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Questions often arise concerning the safe storage of flammable and combustible liquids in steel drums and other types of packaging. In 1998, the Industrial Steel Drums Institute (ISDI) conducted a series of fire tests at the Southwest Research Institute to study the performance of steel drums with plastic fittings under extreme fire conditions. The tests confirmed that as the plastic fittings melted, the containers vented, which dissipated heat and pressure that might otherwise have been a threat to first responders. Meanwhile, the steel drums retained their structural integrity under extreme heat, making packaging failure unlikely and ensuring that flammable and combustible liquids are controlled.
As a direct result of this testing, the National Fire Protection Association (NFPA) revised NFPA 30, a code that relates to the storage of flammable and combustible liquids. This change allowed the doubling of vertical storage of flammable and combustible liquid in warehouses, permitting flammable and combustible products packaged in steel drums and sealed with approved plastic fittings to be stacked four high on wooden pallets in facilities that have foam and water fire suppression systems. In effect, this code change doubles storage space without increasing the warehouse footprint, while still safely managing the fire hazards associated with storing hazardous material.
As with other NFPA codes and standards, NFPA 30 has no legal standing of its own. However, it is often incorporated by state, county and municipal officials into local fire codes and ordinances, and is frequently the guiding standard in determining how flammable and combustible liquids may be stored in warehouses and other industrial sites in your community.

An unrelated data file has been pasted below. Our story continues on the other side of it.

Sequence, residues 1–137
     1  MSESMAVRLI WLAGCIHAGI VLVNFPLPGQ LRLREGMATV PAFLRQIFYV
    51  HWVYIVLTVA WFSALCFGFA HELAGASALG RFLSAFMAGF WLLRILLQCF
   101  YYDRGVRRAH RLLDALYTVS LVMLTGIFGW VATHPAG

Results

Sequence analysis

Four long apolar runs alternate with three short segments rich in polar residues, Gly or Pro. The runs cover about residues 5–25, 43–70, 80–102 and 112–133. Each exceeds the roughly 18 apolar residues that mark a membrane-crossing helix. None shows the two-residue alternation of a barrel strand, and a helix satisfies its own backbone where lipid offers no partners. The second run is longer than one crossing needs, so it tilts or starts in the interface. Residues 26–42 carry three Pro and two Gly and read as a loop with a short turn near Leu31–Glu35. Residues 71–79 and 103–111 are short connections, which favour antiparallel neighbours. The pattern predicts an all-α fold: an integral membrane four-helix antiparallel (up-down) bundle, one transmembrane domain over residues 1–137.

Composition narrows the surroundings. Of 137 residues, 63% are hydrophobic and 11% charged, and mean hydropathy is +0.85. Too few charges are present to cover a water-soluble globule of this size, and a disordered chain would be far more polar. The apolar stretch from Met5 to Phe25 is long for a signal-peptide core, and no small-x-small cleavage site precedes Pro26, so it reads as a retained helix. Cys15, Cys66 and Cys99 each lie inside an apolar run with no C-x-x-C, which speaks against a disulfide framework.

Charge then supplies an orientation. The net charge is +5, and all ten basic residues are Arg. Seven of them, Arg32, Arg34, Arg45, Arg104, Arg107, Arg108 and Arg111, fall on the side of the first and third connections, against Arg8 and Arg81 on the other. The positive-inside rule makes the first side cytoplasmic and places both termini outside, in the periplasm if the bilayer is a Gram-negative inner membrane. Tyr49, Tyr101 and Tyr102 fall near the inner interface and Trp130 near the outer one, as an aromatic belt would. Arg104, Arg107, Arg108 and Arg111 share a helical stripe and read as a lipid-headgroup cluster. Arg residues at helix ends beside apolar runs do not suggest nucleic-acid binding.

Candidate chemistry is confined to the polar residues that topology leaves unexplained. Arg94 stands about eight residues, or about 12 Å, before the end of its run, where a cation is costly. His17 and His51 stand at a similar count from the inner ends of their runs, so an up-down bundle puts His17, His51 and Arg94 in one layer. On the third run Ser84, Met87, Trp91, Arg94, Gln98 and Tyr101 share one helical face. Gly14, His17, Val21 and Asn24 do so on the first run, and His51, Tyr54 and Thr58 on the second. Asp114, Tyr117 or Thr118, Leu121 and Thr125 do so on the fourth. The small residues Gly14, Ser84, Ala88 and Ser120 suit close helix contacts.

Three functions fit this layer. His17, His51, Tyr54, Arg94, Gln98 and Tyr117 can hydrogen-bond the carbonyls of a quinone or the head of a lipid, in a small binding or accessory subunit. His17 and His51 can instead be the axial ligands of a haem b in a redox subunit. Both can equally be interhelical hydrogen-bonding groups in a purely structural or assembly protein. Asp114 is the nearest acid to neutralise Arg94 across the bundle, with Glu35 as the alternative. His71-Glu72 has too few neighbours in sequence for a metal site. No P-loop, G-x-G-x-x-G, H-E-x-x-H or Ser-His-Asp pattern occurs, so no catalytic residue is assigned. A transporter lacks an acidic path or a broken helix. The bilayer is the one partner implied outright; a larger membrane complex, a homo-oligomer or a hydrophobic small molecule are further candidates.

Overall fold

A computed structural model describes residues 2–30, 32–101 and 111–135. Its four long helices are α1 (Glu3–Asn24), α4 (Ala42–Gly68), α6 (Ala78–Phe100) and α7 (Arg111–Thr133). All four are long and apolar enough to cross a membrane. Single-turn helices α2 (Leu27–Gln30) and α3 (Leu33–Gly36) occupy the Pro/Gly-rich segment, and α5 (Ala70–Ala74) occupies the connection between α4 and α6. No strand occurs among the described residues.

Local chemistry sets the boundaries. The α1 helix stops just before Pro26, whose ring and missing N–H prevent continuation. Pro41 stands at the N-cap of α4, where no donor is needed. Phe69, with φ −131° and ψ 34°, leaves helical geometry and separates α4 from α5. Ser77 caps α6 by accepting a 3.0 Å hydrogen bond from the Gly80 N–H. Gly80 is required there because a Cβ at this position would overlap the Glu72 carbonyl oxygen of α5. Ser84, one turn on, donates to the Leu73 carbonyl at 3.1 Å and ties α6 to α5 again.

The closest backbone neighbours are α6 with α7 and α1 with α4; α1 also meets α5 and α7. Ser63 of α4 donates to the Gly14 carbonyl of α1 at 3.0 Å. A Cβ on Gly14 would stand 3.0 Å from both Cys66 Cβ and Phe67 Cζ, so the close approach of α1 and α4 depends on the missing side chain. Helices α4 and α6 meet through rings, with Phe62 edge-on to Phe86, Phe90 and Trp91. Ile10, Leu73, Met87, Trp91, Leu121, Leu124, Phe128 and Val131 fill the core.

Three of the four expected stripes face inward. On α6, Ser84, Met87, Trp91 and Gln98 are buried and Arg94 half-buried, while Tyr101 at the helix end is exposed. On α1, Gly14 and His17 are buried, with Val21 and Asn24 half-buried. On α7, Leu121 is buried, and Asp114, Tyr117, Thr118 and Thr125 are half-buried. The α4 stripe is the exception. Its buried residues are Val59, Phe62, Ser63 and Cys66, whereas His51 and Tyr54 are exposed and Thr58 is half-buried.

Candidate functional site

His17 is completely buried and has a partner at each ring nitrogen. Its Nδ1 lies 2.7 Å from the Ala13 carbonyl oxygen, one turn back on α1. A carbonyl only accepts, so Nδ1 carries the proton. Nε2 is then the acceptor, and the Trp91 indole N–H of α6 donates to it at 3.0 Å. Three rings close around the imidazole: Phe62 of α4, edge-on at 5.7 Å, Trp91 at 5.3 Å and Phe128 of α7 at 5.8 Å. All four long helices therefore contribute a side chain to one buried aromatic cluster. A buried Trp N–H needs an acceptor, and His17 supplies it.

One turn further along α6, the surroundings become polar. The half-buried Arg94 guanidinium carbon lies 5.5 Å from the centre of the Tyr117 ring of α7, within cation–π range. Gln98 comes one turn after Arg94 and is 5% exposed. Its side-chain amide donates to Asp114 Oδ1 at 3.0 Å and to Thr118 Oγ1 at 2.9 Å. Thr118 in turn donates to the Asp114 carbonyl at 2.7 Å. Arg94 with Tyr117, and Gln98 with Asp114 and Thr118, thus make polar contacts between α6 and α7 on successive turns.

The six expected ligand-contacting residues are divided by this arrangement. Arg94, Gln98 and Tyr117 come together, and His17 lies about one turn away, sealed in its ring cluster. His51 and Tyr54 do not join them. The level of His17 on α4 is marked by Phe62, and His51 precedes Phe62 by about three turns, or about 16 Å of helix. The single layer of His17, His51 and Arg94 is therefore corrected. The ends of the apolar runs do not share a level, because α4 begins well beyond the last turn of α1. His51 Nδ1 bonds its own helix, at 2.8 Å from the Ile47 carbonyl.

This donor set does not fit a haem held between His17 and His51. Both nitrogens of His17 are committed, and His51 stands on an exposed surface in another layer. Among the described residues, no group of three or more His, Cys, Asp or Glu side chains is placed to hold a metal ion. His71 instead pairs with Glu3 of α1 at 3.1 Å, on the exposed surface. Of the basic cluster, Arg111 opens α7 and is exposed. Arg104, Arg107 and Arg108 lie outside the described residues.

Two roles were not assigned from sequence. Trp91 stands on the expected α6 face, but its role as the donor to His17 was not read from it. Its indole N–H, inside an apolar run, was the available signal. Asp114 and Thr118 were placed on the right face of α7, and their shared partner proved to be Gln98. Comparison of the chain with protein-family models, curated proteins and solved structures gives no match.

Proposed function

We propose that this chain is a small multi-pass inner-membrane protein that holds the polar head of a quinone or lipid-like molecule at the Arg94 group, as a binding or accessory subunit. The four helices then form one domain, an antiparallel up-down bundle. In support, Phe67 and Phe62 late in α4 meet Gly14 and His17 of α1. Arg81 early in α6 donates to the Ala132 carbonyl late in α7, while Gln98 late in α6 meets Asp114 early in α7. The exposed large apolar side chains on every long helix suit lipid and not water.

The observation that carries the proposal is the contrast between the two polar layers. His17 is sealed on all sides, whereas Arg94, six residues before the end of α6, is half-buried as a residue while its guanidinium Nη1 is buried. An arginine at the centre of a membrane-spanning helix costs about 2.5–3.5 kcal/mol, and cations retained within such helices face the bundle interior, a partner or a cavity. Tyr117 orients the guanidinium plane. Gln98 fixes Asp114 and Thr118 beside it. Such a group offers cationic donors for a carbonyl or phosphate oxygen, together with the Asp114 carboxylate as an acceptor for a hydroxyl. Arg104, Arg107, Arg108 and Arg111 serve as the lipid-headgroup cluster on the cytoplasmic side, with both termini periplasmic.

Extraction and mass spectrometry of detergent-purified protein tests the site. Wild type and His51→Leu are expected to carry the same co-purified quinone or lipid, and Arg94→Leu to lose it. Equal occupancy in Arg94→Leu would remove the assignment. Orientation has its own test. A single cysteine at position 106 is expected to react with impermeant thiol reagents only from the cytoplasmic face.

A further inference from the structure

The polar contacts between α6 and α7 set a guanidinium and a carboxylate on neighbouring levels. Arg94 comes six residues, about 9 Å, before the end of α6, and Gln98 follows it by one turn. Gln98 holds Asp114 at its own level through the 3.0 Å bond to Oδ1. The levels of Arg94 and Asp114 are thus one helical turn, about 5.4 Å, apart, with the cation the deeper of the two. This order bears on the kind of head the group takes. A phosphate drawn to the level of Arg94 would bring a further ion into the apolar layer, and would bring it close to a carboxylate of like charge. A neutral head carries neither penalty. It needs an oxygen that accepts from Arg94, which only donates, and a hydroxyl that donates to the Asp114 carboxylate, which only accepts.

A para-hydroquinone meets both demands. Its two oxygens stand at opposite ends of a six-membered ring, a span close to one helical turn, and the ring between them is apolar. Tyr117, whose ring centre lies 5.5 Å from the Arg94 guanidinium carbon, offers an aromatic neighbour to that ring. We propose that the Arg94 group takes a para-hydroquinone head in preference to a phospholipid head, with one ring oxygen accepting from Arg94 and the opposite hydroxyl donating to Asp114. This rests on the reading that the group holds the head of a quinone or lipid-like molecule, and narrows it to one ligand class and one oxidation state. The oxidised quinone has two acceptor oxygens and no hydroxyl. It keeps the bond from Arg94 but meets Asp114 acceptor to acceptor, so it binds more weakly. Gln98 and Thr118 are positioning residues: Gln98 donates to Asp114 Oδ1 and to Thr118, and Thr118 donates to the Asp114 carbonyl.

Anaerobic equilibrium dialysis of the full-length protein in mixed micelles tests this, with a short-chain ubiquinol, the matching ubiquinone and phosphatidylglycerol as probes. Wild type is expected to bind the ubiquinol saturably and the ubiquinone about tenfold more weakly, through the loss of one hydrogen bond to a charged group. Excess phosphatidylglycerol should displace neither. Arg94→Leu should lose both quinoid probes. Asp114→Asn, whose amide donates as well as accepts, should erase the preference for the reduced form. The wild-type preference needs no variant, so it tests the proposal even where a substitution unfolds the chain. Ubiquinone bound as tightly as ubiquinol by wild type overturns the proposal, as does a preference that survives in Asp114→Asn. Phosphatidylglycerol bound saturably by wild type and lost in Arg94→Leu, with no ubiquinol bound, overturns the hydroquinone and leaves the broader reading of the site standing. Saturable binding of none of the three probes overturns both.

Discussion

Users of steel drums can take advantage of the benefits of NFPA 30. Contact the facilities management personnel where you store flammable and combustible liquids, and ask if NPFA 30 revisions have been incorporated into local fire codes. If so, ensure that the storage facility is upholding the standard. In cases where NFPA 30 standards have not been adopted, local fire codes and standards may fall within the purview of the municipal, county or state government. In these cases, the facilities manager may be able to guide you on the local codes for storage of flammable and combustible liquids.
NFPA is an international nonprofit organization whose mission is to reduce the worldwide burden of fire and other hazards on quality of life. The organization serves as the world’s leading advocate of fire prevention.
The information above is intended to provide interpretative and authoritative information as a service to our members and has been offered in good faith based on the information provided to us. We do not guarantee the accuracy or completeness of any such interpretation or information.